Ugh, it seems you've either ignored, or didn't understand, my writings from earlier.
Science has no attitude for or against anything. Science is a method, a practice, of acquiring knowledge. If there is nothing to be evaluated on a particular topic through the scientific method, one does not call it science. Science isn't avoiding the life after death question, it just has nothing to evaluate at the moment which can be extrapolated to a scientific model.
Beg to differ, I am not ignoring it, nor misunderstanding it, in fact as I said, I agree with you in many respects. But the case of Ian Stevenson's evidence of "children who recall their past lives" is compelling. There are cases where children remembered their previous names, occupations, names of family members, numerous features of the landscape around where they lived, and in some cases the circumstances in which they died. These are also supported, somewhat eerily, but birthmarks corresponding to places where injuries were received in the previous existence. In these cases, Stevenson was able to verify that there was such a person, living at such a place, who died in those circumstances, and so on. As mentioned previously, he has over 100 such cases, and discarded many others which he felt could not be validated. He went to a lot of trouble to eliminate auto-suggestion, fraud, psychoses, and other possible causes. He still ended up with indisputable evidence of children who remembered details from a former life. He never said this 'proved that re-incarnation occurs'. The most he would say was that it 'suggests' it.
(I am not going to reproduce all the details here, books on and by Stevenson are in wide circulation, the most accessible is Old Souls
, by Thomas Shroder, a journalist.)
Now, as to the point about 'science' again. Most scientists will, and did, dismiss Stevenson out of hand. This is not a statement of prejudice on my part, or a demonstration of my ignorance about 'the scientific method' or anything else. It is a simple statement of fact. Throughout his career, he was ignored by most other academics and scientists in cognate areas of research. Some of them tried to disprove his claims, but most simply ignored him.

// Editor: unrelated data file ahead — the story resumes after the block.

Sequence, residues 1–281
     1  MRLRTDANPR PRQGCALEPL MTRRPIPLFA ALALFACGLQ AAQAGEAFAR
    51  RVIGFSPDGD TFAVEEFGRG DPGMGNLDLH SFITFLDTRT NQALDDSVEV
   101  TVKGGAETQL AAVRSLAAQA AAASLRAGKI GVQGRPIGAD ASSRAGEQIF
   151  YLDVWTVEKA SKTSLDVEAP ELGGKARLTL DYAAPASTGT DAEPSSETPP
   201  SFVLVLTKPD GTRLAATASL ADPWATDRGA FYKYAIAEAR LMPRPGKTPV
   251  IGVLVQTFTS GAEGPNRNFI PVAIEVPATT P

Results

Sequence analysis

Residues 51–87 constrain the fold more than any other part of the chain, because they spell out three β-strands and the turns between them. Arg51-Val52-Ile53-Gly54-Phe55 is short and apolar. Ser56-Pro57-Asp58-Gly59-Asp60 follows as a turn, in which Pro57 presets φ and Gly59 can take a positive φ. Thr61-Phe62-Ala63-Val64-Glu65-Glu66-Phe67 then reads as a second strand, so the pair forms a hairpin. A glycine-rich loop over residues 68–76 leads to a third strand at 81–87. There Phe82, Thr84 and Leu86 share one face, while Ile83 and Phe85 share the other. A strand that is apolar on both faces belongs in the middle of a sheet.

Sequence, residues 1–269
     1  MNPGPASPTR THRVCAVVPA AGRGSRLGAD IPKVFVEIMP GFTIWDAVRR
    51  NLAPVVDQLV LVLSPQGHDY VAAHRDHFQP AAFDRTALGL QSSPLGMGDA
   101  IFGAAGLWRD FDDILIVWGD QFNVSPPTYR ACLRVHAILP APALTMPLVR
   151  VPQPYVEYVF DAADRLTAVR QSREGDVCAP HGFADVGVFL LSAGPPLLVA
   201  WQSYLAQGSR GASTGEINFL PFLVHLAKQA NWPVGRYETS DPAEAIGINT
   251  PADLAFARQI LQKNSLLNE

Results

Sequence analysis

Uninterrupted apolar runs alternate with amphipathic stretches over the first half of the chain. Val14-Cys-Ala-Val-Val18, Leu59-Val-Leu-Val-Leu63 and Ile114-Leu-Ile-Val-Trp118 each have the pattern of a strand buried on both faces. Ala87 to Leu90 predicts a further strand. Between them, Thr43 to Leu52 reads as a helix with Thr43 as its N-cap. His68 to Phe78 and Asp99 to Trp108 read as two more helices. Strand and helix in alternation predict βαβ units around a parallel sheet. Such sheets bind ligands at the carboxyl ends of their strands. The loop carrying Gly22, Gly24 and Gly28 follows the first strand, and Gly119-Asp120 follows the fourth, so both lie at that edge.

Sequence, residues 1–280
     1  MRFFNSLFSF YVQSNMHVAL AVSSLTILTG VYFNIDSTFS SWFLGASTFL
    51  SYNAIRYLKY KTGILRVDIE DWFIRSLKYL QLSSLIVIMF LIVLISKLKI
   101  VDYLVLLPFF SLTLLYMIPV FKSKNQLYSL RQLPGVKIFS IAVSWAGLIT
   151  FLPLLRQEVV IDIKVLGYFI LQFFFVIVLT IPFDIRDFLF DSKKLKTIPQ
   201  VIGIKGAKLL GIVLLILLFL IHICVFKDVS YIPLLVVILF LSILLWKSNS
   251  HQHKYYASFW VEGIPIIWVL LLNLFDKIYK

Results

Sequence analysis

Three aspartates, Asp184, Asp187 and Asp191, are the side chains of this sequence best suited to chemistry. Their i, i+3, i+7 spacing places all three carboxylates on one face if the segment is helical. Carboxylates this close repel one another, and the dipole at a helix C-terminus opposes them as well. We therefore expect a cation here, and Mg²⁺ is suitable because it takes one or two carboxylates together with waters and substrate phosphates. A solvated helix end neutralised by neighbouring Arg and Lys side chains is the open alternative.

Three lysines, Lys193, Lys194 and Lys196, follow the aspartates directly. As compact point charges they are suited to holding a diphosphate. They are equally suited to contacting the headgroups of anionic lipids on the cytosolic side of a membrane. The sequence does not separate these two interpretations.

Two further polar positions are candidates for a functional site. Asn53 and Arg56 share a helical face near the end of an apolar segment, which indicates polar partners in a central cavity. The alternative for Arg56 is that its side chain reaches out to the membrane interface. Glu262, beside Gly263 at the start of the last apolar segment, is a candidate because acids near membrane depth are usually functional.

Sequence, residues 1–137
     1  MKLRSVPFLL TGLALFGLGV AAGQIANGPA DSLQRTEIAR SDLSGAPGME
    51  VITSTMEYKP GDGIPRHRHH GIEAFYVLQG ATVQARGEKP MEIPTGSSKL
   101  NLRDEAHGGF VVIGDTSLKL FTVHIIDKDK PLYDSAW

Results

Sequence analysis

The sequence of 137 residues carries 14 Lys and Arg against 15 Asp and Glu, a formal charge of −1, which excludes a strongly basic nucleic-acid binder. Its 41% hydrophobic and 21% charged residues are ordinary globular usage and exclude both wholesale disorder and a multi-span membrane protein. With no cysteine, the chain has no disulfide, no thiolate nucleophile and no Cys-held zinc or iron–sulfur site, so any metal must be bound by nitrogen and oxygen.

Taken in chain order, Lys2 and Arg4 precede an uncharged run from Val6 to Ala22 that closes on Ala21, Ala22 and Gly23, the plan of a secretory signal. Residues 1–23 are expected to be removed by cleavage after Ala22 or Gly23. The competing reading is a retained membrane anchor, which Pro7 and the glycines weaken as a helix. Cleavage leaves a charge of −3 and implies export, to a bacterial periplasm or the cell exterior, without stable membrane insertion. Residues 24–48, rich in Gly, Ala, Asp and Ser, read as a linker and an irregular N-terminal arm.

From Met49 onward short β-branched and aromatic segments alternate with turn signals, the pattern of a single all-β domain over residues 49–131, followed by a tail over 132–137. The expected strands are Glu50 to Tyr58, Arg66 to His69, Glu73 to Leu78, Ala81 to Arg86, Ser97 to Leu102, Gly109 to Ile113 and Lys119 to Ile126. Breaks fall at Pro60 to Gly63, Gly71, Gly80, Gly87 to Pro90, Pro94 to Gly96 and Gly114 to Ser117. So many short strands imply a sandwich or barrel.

And it is a fact that many people who consider themselves 'scientific' will not consider the evidence for such things as rebirth, parapsychology, and the like, on the basis that even to consider these phenomena is a sign of superstition or gullibility. There is an entire industry of 'professional sceptics' whose whole effort is aimed at disproving, debunking, shooting down or otherwise undermining any evidence that anything 'paranormal' has ever, or could ever, occur.
I can cite three texts, The Conscious Universe
, by Dean Radin, Irreducible Mind
, by Kelly, and Parapshychology and the Sceptics
, by Chris Carter, which in my view definitely prove the existence of paranormal phenomena. The last one in particular documents in exquisite detail the lengths to which conservative scientists will go to debunk anything which threatens their essentially materialist depiction of nature. There is an excerpt here
if you wish to peruse it.
So don't get all righteous about the supreme objectivity of science and how it is beyond all such things as human prejudices and the like, because it is practised by humans, and developed by humans, and very much subject to human attitudes and interpretations. And generally speaking, science will not admit the existence of the paranormal. It has a big investment in the idea that the normal is real, and that there ain't no other reality. 'Cosmos' said Sagan 'is all there is'. And nearly every scientist would agree with him.
---------- Post added 09-26-2009 at 09:11 AM ----------
Actually I take back something I wrote there, but rather than edit it out, I will withdraw it. I don't think any of these books 'definitely prove the existence of the paranormal'. They, like Stevenson, do suggest it. And I don't really have a big stake in whether there are such phenomena, or not. But to say that the scientific establishment is disinterested in such questions, in the true sense of 'disinterest', is, I feel, a misrepresentation.